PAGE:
Thursday, January 7th at 4 p.m. MST
Navajo Anthropology (that includes the sub-discipline of Sociocultural Anthropology, Biological Anthropology and Archaeology): So, what is anthropology? (Anthropology haat’iiate?)
Thursday, January 14th at 4 p.m. MST
In this presentation, Severin argues that the Plains Biographic Tradition was inspired by the European tradition of history painting and originated during an intense period of cultural exchange at the end of the tumultuous 17th century in the Rio Grande Valley.
Thursday, January 21st at 4 p.m. MST
The Colorado Department of Transportation is redesigning the hazardous interchange between U.S. Highways 550 and 160 to the south of Durango, Colorado. Cultural consultation and mitigation for the project included a robust program of Native American participation and archaeological data recovery at four major prehistoric sites, including three Pueblo I habitations and a Pueblo II camp. Together, these sites contain at least 11 semi-subterranean structures with associated surface features and artifacts. This presentation will provide information about the project, discuss preliminary results, and provide a regional context through which to interpret the results.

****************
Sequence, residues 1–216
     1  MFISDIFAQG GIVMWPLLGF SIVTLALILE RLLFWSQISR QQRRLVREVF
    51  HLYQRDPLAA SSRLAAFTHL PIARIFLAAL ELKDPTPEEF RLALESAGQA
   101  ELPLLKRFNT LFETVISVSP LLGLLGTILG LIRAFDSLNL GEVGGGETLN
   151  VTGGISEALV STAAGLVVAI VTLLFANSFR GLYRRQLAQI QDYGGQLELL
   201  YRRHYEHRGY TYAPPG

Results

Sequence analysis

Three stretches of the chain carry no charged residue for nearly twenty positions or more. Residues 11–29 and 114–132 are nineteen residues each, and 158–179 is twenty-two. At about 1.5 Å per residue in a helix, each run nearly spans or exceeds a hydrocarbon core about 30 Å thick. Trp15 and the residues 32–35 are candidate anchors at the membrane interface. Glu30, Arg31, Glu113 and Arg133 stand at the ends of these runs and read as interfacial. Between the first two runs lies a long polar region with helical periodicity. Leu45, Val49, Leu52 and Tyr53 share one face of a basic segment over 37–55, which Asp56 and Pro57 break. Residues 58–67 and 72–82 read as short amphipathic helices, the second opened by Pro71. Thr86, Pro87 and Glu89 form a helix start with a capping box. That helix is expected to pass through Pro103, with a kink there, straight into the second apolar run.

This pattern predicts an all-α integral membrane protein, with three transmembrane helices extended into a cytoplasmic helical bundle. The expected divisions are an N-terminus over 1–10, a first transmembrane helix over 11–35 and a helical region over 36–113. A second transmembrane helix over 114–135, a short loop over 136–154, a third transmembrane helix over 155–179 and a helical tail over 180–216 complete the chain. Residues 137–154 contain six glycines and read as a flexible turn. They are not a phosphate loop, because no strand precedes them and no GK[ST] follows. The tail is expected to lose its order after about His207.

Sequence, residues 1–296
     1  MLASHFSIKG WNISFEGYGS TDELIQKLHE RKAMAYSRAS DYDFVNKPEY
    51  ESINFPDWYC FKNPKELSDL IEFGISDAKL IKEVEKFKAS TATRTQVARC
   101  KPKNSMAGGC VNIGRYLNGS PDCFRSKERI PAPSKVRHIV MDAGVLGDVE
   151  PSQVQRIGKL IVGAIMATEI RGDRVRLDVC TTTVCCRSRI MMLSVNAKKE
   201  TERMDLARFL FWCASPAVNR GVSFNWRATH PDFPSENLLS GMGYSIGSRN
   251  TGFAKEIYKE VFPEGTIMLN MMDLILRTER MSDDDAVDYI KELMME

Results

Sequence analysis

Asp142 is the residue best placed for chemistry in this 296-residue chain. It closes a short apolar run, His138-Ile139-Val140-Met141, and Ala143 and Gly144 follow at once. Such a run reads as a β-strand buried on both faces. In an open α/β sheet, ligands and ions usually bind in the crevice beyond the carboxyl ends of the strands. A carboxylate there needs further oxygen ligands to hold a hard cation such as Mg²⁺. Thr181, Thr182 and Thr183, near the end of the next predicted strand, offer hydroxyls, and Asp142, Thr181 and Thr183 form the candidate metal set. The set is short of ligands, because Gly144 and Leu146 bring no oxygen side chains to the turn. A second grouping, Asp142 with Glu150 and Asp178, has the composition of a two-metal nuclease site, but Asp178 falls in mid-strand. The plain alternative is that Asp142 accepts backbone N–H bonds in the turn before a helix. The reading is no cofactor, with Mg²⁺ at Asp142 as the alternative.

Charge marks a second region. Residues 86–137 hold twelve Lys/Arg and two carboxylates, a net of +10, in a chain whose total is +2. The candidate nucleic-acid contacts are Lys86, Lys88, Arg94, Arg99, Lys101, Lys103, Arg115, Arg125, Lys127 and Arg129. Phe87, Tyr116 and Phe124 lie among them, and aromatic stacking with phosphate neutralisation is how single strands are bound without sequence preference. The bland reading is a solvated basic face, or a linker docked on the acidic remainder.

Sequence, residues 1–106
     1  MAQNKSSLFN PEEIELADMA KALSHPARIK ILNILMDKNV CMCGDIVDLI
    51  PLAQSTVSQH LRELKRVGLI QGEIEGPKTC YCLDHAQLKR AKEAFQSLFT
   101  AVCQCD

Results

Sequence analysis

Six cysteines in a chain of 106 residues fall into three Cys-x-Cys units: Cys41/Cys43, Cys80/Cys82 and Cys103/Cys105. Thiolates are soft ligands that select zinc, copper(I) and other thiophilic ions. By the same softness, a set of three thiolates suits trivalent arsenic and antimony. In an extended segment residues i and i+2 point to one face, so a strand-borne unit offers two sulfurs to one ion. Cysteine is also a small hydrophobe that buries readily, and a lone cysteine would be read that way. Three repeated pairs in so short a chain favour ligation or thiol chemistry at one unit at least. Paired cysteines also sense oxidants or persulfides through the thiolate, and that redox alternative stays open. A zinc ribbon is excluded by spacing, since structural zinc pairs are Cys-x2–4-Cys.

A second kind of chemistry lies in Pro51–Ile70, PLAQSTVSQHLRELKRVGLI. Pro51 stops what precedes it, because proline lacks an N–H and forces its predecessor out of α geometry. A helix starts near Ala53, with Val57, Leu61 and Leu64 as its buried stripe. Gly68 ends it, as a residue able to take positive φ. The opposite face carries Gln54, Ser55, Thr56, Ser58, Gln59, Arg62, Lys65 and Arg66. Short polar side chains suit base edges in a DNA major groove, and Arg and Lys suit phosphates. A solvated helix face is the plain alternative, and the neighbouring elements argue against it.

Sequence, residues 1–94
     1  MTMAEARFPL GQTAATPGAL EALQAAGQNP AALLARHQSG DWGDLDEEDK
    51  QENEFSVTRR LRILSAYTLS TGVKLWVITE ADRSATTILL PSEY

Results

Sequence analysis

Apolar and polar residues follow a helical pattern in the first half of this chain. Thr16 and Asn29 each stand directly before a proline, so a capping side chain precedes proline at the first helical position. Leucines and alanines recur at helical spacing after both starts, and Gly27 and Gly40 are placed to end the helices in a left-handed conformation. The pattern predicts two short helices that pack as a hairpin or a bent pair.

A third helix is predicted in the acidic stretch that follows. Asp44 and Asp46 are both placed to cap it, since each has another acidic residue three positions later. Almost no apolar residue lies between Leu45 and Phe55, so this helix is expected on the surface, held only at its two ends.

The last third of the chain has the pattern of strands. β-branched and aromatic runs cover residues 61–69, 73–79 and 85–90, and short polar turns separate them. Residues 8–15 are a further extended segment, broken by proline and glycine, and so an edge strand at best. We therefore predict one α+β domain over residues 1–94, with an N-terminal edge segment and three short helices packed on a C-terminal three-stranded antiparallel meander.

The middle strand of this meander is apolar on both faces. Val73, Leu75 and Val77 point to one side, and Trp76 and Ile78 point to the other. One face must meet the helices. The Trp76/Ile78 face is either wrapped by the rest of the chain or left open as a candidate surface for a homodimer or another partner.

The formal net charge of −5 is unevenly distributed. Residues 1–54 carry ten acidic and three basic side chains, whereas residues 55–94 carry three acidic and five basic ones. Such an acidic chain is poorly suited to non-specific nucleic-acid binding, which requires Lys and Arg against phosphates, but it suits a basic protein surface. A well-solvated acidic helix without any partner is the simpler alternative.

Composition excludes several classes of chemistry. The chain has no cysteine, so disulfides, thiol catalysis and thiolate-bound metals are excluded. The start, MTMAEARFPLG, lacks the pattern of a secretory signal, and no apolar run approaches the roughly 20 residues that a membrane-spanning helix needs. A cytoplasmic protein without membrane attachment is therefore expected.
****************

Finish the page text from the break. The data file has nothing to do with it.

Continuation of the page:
Thursday, January 28th at 4 p.m. MST
Turkeys, both wild and domestic, were likely exploited, raised and bred during the Ancestral Pueblo-era on the Pajarito Plateau. Past studies focused on turkey skeletal elemental abundances; isotopes and ancient DNA suggest that during the Coalition Period, beginning in the A.D./C.E. 1100s and after, turkeys represented an important socioeconomic staple for Pueblo peoples. In this talk, Cyler overviews this record and discusses ongoing research focused on reexamining these human-turkey relationships.